Post Tenebras Lux: A Symphonic Celebration of the Protestant Reformationby Jeff Lippencott
In a time when the church had lost sight of the fundamentals of the gospel, God used a humble monk named Martin Luther to bring about the greatest revival in church history. When he posted his Ninety-Five Theses, Luther became the unwitting catalyst of the Reformation and a champion of the doctrine of justification by faith alone. Post Tenebras Lux, commissioned by Ligonier Ministries and composed by Jeff Lippencott, takes the listener on a musical journey of the highlights of Martin Luther’s life. Written in three movements, this piece moves from the coldness of the Middle Ages and the dominance of the Roman Catholic Church to the glory of Luther’s rediscovery of the gospel and the spread of the Reformation throughout Europe.
This symphonic work celebrates the five-hundredth anniversary of the Reformation, and Ligonier Ministries presents it with the hopes that God would use it to encourage listeners that even in the midst of darkness, the light has come.
Movement I, II, and III
The European Continent spiraled into darkness after the fall of the Roman Empire in the fifth century. The following millennium witnessed the descent of society, the church, and civilization into an age of corruption. Monophonic melodies or plainchant defined music during this age, and organum—a monophonic melody with another line sung at a fixed pitch, notably a perfect fourth or fifth—became the leading trend in music as the Renaissance approached.
The piece begins with a church chime defining the rule and power of the church during the Middle Ages. The first melody is heard in the bassoon and cello. It carries the form and feel of plainchant that would be heard in a monastery during that time. The melody then transfers to the period-correct recorder with the bassoons following in organum fashion. Chimes are ever present, as the church that watches and lords over all. The movement exhibits a small sense of hope in the woodwinds, but they are overtaken by the swirling chord progression as the church spins down into the depths of corruption and evil. The recapitulation of the melody and the final church bell remind us that darkness continues to cover Christendom.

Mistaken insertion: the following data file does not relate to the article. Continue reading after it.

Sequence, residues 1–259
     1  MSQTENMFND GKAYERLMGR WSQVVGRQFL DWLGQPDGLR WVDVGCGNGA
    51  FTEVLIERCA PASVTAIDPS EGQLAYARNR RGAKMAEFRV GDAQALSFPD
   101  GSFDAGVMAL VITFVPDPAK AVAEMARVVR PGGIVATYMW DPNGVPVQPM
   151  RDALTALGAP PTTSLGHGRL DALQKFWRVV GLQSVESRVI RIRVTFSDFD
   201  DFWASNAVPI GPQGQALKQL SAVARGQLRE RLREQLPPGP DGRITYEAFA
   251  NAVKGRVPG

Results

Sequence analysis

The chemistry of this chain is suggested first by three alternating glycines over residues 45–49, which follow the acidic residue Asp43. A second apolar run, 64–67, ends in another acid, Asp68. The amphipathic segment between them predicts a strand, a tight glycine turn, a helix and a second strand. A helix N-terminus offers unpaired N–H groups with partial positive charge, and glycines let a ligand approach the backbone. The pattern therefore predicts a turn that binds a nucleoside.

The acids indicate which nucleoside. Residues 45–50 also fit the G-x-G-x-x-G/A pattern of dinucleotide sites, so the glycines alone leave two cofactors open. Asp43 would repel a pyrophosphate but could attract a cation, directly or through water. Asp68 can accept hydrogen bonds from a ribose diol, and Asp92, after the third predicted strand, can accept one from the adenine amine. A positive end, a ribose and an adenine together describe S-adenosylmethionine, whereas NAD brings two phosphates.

From the outset, the church bell is dominant as it was in the culture of medieval times. The strings are brooding, and then they accelerate and transfer the building tension to the brass. Now we hear the entrance of God’s man, Martin Luther, represented by the oboe taking its turn in the organum style. The tension begins to build in Luther’s life as he searches the Scriptures and struggles with the challenges they pose to his beliefs. The brass punctuates his proclamations against the Roman Catholic Church and its practices, while chimes enter again as the voice of the church opposing his Ninety-Five Theses. At the Diet of Worms (a choral-like cacophony of brass and chimes), Luther’s oboe answers Rome’s charge of heresy with the truth of the gospel and his final declaration of conscience. The movement ends with a rich string resolution—the truth has come to light. Through Martin Luther, God’s gospel of grace through Christ alone will be proclaimed to the whole world. This section ends with the last chord ascending from a minor feel to a major chord in anticipation of what is to come.
The first melodic statement is a derivative nod to Luther’s most famous hymn, “A Mighty Fortress Is Our God.” This melody forms most of what is the third movement. In its heroic statement, we set the stage for the fires of the Reformation to be ignited. The gospel begins to spread anew and Luther’s oboe returns, but now it sings in concert with the voices of Calvin (flute) and Zwingli (clarinet). From there, the strings carry the thematic content of the good news through the rolling countrysides and villages of Europe, while the brass takes it to the ends of the earth. Finally, in moving to a halftime tempo, the theme carries both the sweetness and power of the gospel of grace, without forgetting the darkness out of which it came. The melody returns low then builds to the climax of the theme in halftime once again. Luther’s effect on the church and his commitment to the Word of God will be etched in the annals of history. The gospel of Jesus Christ is victorious. His kingdom is forever.